My Guava Tree Won’t Fruit – Reasons For No Fruit On A Guava Tree

Guava Fruit
guava fruit
(Image credit: vinhdav)

So, you love the flavor of tropical guava and have planted a tree of your own and are anxiously waiting for it to fruit. Unfortunately, your patience seems to be unrewarded, as there is no fruit on your guava tree. There are several reasons for a guava tree not fruiting. If you are beside yourself because you have a guava tree with no fruit, take a deep breath and read on to find out how to get guava trees to fruit.

Help, My Guava Tree Won’t Fruit!

First, it’s helpful to know a little bit about guavas in order to determine why a tree won’t fruit. First of all, guava plants need full sun to part shade to grow, but they cannot tolerate too much heat. That said, they also dislike the cold and are very frost tender. Guava trees can grow in U.S. hardiness zones 9 to 11, which translates to Hawaii, Florida, protected areas of California and Texas, and the Virgin Islands. Also, whether grown from seed or grafting, guavas will not bear fruit until their third year. That is, of course, provided you have been giving the tree the correct amount of irrigation and nutrition, as well as well-draining soil with a pH of 4.5 to 7.0. So, if your tree is in an area protected from frost, in a sunny to partially sunny locale in zones 9 through 11, and you have been consistent with fertilization and irrigation, there must be a different reason for no fruit on your guava tree. A guava tree with no fruit may also be the result of a pollination problem. Apple guava, Pisidium guajava, will either need a partner to cross pollinate with or will need some help from you in the form of hand pollination. Pineapple guava, Feijoa sellowiana, will be more likely to bear fruit when hand pollinated.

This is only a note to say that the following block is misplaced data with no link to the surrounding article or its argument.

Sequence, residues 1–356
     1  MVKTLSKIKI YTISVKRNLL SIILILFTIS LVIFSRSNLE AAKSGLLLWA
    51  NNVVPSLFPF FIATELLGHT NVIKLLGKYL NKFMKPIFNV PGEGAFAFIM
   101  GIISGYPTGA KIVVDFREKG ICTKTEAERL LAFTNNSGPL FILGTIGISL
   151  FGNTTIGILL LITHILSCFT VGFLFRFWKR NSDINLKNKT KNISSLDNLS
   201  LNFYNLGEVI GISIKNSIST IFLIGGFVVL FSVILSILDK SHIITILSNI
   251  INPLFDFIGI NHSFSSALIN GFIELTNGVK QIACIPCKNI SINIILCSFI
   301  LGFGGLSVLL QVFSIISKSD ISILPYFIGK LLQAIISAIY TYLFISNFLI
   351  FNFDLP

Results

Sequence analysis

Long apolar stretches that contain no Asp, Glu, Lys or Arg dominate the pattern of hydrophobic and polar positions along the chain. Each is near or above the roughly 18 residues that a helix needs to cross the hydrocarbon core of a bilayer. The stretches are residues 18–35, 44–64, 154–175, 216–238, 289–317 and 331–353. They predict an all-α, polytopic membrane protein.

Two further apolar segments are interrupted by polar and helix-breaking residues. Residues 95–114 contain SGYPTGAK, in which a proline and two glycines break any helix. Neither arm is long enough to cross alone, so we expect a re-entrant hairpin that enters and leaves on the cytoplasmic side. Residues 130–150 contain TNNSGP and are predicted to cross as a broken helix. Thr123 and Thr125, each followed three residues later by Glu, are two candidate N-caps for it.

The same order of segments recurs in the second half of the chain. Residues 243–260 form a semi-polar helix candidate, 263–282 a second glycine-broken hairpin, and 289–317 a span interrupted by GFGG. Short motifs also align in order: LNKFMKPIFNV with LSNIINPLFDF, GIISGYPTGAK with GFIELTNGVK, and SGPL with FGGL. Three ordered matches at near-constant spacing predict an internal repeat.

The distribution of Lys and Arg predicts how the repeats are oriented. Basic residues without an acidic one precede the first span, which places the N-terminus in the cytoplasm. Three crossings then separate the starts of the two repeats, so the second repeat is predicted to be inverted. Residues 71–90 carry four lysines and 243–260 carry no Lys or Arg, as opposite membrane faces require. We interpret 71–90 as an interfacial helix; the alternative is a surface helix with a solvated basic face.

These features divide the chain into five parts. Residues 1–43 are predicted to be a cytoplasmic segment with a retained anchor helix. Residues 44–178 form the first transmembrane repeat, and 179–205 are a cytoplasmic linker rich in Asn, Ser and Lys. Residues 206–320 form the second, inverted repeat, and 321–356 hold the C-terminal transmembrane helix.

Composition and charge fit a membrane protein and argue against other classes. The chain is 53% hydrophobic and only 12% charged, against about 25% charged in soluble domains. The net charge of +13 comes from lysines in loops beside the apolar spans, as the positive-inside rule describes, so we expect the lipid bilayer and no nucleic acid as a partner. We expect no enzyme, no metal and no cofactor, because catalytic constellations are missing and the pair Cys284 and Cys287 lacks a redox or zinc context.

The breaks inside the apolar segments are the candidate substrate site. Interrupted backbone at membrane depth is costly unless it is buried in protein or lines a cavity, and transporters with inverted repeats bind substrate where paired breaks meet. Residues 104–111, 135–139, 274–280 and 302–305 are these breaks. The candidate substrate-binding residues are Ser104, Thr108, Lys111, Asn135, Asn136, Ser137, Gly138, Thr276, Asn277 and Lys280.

How to Get Guava Trees to Fruit

Guavas can be grown in the ground or in a pot, but if you choose to grow them in a pot, be sure to choose one that is at least a foot (31 cm.) across or larger. Also, make sure the pot has good drainage holes. In either case, make sure you’re planting in well-draining soil that has been amended with plenty of compost. Choose a site sheltered from cold winds or frosts in full to partial sun. Spread a 3 to 4 inch (8-10 cm.) layer of organic mulch around the base of the tree to help retain moisture, suppress weeds, and to nourish roots. Retarding weeds is important since it also suppresses pests. If removing weeds with garden equipment, be careful of the tree's shallow root system. Be sure to provide the tree with adequate water. At planting and for the first month, water daily. Once the tree is established, you may reduce the water to once per week, water at the base of the tree deeply. Fertilize the tree with a 10-10-10 fertilizer. Use 8 ounces (237 ml.) each month for the first year and then 24 ounces (710 ml.) every other month from the trees second and successive years. Water the tree after fertilizing to help carry the nutrients through the plants roots and to avoid nitrogen burn.

Amy Grant

Amy Grant has been gardening for 30 years and writing for 15. A professional chef and caterer, Amy's area of expertise is culinary gardening.